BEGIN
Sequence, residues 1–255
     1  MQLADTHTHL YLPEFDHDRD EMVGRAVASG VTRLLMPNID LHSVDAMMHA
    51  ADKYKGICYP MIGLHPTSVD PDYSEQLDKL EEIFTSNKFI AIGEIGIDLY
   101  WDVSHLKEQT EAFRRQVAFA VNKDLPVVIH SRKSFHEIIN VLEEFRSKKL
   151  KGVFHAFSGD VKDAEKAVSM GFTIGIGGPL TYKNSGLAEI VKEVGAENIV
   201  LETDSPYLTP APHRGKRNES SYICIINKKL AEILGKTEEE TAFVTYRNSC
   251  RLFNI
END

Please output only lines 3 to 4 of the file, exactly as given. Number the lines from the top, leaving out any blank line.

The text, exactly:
    51  ADKYKGICYP MIGLHPTSVD PDYSEQLDKL EEIFTSNKFI AIGEIGIDLY
   101  WDVSHLKEQT EAFRRQVAFA VNKDLPVVIH SRKSFHEIIN VLEEFRSKKL